Telling Family and Friends
So, what is the best way to tell people you plan to move halfway across the world? We aren’t sure we have the answer or that we did it the best way. However, we will share our story.
A lot of friends have heard Anthony and me talk about how we want to move. It is normally a conversation that starts after we all have a few cocktails. We briefly looked into moving to Denver, Europe, Roatan, and St. John (very extensively). These are all before we found New Zealand. Once we had NZ on our radar and came to the conclusion that we were going to start the process to make the move, the drunken conversations came up more often than not. It was during those times that we knew most people weren’t taking us seriously. That was okay because we knew it wasn’t just drunk talk.
Our goal was to move to New Zealand by September 2016. We started to put together a plan/tentative timeline in January 2016. Now we were ready to start to tell family and friends that we really ARE planning to move to New Zealand.
We first told my cousin and his wife on our trip to St. John. I wasn’t sure how my cousin was going to react (mostly because of the distance from family), but I thought his wife was going to be on board with our decision. We were very fortunate that they both supported our decision. I think it took a little sinking in for my cousin. Once he googled New Zealand, saw the breathtaking images, and learned a little bit about the country, it was very difficult for him to not be excited for us. While waiting for our departure flights, a passerby might have assumed he was moving to NZ with all of the googling he was doing.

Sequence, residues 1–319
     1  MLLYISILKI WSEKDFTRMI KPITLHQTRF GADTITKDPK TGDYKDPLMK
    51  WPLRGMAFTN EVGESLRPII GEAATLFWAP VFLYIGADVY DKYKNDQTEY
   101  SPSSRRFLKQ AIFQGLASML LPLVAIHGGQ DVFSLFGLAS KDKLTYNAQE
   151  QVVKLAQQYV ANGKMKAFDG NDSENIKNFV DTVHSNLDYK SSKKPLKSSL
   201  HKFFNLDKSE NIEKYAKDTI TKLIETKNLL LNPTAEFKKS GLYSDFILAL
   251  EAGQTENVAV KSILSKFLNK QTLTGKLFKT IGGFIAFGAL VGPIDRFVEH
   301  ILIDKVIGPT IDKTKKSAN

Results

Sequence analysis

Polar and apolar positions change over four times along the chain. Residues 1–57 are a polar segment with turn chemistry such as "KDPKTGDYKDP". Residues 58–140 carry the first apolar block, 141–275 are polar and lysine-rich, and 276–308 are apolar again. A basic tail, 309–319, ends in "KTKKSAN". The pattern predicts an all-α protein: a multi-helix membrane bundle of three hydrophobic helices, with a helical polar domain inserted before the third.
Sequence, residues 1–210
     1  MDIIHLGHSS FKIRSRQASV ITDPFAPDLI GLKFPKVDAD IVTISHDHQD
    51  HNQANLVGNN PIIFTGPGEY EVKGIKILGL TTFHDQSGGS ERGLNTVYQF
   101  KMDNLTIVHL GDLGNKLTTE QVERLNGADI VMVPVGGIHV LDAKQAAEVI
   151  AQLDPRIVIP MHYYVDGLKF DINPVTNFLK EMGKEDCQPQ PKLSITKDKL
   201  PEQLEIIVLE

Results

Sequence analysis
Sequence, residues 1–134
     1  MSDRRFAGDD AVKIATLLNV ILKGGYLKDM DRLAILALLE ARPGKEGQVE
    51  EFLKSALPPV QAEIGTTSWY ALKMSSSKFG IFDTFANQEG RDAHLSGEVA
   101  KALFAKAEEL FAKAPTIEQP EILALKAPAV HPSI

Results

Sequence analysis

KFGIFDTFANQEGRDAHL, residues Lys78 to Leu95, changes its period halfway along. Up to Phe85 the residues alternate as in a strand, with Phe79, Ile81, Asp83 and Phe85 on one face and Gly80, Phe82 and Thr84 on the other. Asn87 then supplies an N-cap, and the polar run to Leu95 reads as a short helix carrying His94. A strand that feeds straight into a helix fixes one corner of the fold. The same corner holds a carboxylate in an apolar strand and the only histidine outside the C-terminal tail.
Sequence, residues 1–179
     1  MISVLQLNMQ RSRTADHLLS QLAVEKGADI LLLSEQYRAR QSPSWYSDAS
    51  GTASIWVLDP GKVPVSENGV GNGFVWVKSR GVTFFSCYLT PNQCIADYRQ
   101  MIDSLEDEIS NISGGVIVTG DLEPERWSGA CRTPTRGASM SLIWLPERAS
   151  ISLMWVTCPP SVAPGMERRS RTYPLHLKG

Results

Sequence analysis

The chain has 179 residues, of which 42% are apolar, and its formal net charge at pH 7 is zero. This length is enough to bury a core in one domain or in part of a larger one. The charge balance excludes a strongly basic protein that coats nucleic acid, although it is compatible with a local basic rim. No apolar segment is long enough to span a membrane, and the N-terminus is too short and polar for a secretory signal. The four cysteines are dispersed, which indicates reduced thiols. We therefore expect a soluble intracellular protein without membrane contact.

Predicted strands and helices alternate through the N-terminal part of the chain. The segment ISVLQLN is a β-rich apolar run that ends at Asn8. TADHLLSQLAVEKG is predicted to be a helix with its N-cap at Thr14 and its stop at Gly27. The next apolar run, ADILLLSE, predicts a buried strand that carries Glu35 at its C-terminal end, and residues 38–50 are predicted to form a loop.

After our trip, we returned to Pittsburgh and informed my mom of our decision to move since it would have the most impact on her. Not having a lot of family in Pittsburgh she needed to decide if she wanted to stay or move to be close to the family we have in Kansas City.
My mom seemed surprised of the location but not surprised of our decision to move out of the country. Anthony and I have been vocal about wanting to move abroad for awhile. She asked lots of questions which I think was good because we had a lot of information that we could provide. The one thing I took away most from our discussion is that she said “Life is too short”.
Anthony’s mom seemed surprised when he told her about New Zealand. She also had a lot of questions and was very supportive. She texted him a few days later that she wished she and his dad had taken more risks when they were younger. That was something that stuck with both Anthony and me. We don’t want to regret not doing things.